On direct examination, Dr. Coston testified that Butts' future wage loss, reduced to present value, had an economic value of $1,419,344.25. On cross-examination, Dr. Coston agreed that he would consider a United States Government 30-year treasury bond to be a safe investment. The court prohibited Central's counsel from eliciting testimony from Dr. Coston concerning the interest income Butts would derive from investing the lump sum figure ($1,419,344.25). This court has specifically addressed and excluded this type of testimony in a FELA case. See CSX Transp. v. Levant, 200 Ga. App. 856 (410 SE2d 299) (1991)
, rev'd on other grounds, 262 Ga. 313 (417 SE2d 320) (1992)
(rationale of Gusky v. Candler Gen. Hosp., 192 Ga. App. 521 (3) (385 SE2d 698) (1989)
, applied to FELA case). Furthermore, the trial court did not restrict Central's right to cross-examine Dr. Coston regarding alternative methods of calculating the discount rate. What Central attempted to do was elicit testimony showing how much money someone could earn by taking an award of damages and investing it. This type of testimony is prohibited. Id.
(a) Butts' counsel asked Butts if Central had paid some of his medical bills, to which Butts responded, "yes." However, a mistrial was not warranted as the trial court gave the jury curative instructions in which it informed the jury that the payment of any medical expenses was made without regard to liability and that the jury was not to conclude, because these expenses were paid, that the railroad admitted any liability. After the curative instruction, Central did not renew its motion for a mistrial or object to the instruction given. Therefore, Central's enumeration is without merit. Kendrick v. Kendrick, 218 Ga. 460 (4) (128 SE2d 496) (1962)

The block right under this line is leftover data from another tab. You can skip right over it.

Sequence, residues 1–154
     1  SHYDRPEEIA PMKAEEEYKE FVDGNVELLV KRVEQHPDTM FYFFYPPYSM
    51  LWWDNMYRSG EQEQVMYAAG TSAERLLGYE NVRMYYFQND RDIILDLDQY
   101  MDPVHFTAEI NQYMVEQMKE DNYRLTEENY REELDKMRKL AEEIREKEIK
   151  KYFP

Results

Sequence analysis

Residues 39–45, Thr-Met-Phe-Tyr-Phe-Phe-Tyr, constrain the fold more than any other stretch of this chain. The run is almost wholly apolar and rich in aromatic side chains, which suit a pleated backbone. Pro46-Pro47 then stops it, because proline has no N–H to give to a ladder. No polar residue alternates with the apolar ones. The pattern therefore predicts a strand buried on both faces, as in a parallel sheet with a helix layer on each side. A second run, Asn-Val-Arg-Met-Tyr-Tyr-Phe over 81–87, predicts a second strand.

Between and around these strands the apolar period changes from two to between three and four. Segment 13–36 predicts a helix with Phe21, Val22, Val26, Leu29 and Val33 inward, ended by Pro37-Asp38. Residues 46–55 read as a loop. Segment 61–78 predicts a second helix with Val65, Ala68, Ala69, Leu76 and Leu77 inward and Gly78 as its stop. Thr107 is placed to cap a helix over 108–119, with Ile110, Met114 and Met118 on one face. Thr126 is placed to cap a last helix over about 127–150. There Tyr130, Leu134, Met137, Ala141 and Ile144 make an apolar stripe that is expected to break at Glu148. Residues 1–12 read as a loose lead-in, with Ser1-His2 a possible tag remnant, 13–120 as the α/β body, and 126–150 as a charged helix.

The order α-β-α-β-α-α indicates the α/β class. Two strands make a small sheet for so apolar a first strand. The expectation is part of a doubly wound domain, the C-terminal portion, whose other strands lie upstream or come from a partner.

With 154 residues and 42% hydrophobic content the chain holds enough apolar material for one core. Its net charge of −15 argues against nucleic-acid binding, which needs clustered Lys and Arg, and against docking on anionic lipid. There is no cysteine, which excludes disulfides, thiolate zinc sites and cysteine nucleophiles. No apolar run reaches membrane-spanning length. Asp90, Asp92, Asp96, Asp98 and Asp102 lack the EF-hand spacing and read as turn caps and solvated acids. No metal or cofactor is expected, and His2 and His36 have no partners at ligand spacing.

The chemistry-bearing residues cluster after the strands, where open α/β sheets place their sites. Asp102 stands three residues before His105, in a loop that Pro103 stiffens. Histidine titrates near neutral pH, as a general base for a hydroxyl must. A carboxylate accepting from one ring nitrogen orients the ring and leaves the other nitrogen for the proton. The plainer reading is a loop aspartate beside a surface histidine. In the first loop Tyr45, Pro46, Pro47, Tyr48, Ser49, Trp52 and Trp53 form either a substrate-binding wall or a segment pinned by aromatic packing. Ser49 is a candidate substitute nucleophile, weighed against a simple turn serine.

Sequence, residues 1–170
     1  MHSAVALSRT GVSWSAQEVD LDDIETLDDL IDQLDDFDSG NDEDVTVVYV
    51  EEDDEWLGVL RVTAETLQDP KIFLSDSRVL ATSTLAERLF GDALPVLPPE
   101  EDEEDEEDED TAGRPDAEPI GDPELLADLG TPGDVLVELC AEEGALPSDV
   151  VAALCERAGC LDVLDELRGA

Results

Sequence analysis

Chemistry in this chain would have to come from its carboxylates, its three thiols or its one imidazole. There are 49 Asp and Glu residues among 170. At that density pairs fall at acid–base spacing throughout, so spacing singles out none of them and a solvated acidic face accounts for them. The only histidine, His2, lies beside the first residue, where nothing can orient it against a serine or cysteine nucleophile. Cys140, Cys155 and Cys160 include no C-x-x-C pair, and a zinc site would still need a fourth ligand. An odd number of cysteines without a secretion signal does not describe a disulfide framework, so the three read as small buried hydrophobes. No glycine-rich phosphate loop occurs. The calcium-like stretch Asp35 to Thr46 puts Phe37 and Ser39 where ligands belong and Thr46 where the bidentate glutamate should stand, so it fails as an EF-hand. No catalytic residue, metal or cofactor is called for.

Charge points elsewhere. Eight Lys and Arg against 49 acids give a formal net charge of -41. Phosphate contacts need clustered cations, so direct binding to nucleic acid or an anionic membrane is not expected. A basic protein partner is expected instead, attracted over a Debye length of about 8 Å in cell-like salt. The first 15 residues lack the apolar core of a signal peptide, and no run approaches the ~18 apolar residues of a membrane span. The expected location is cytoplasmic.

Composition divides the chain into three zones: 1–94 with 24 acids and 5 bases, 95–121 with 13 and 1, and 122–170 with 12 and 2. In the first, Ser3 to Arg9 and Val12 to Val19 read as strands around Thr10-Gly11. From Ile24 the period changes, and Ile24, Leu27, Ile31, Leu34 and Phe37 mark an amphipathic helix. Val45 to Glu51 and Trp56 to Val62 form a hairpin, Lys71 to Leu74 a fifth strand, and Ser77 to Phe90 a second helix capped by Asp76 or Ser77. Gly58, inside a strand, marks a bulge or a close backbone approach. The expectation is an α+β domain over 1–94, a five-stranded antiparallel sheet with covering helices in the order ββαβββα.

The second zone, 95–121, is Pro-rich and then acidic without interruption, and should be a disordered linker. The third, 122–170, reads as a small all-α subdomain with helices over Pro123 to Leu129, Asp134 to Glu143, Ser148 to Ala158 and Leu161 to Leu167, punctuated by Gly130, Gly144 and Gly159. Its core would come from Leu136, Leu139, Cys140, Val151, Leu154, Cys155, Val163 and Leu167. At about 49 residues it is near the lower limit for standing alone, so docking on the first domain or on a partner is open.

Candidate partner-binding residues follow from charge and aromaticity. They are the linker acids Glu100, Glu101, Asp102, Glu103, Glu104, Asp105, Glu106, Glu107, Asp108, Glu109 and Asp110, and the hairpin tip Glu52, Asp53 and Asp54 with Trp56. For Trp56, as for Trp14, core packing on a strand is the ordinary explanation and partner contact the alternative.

; Seaboard System R. v. Taylor, 176 Ga. App. 847 (5) (338 SE2d 23) (1985)
(b) Butts testified that he had been forced to file bankruptcy, that his wife had been forced to take another job, and that his family "really just missed out on everything." The trial court instructed the jury that the financial circumstances of any party were not at issue and that the jury should dismiss it from their minds. Again, Central neither renewed its motion for mistrial nor objected to the curative instructions given by the trial court. Therefore, this assertion of error is also without merit. Id.
(c) Central objects to Butts' response to a question concerning the surveillance conducted by Central. Butts responded, "Oh. Yes, Sir. The stories I could tell, but I guess the one that -- " at this point, Central moved for a mistrial. This testimony is the sum total of what the jury heard regarding Central's surveillance of Butts. The question posed was proper as a surveillance tape was to be later introduced by Central and Butts did not mention any specific fact covered in Central's motion in limine. The trial court correctly determined that Butts had not transgressed its earlier order and that no harm had been done.
Taylor & Harp, J. Anderson Harp, Jefferson C. Callier, Beckmann & Pinson, Walter W. Ballew III, for appellee.